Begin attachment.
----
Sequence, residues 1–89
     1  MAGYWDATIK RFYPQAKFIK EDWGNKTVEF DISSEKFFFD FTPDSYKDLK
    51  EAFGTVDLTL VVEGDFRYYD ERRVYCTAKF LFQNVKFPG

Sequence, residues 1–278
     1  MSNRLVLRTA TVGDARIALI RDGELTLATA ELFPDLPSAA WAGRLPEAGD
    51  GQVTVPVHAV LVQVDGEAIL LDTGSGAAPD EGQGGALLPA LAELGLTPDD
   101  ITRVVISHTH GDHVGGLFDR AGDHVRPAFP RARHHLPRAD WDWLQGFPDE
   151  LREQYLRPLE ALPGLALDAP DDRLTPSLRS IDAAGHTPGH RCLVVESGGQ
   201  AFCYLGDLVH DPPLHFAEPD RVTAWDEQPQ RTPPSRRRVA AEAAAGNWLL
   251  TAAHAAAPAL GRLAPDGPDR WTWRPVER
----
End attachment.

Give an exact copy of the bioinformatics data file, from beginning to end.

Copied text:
Sequence, residues 1–89
     1  MAGYWDATIK RFYPQAKFIK EDWGNKTVEF DISSEKFFFD FTPDSYKDLK
    51  EAFGTVDLTL VVEGDFRYYD ERRVYCTAKF LFQNVKFPG

Sequence, residues 1–278
     1  MSNRLVLRTA TVGDARIALI RDGELTLATA ELFPDLPSAA WAGRLPEAGD
    51  GQVTVPVHAV LVQVDGEAIL LDTGSGAAPD EGQGGALLPA LAELGLTPDD
   101  ITRVVISHTH GDHVGGLFDR AGDHVRPAFP RARHHLPRAD WDWLQGFPDE
   151  LREQYLRPLE ALPGLALDAP DDRLTPSLRS IDAAGHTPGH RCLVVESGGQ
   201  AFCYLGDLVH DPPLHFAEPD RVTAWDEQPQ RTPPSRRRVA AEAAAGNWLL
   251  TAAHAAAPAL GRLAPDGPDR WTWRPVER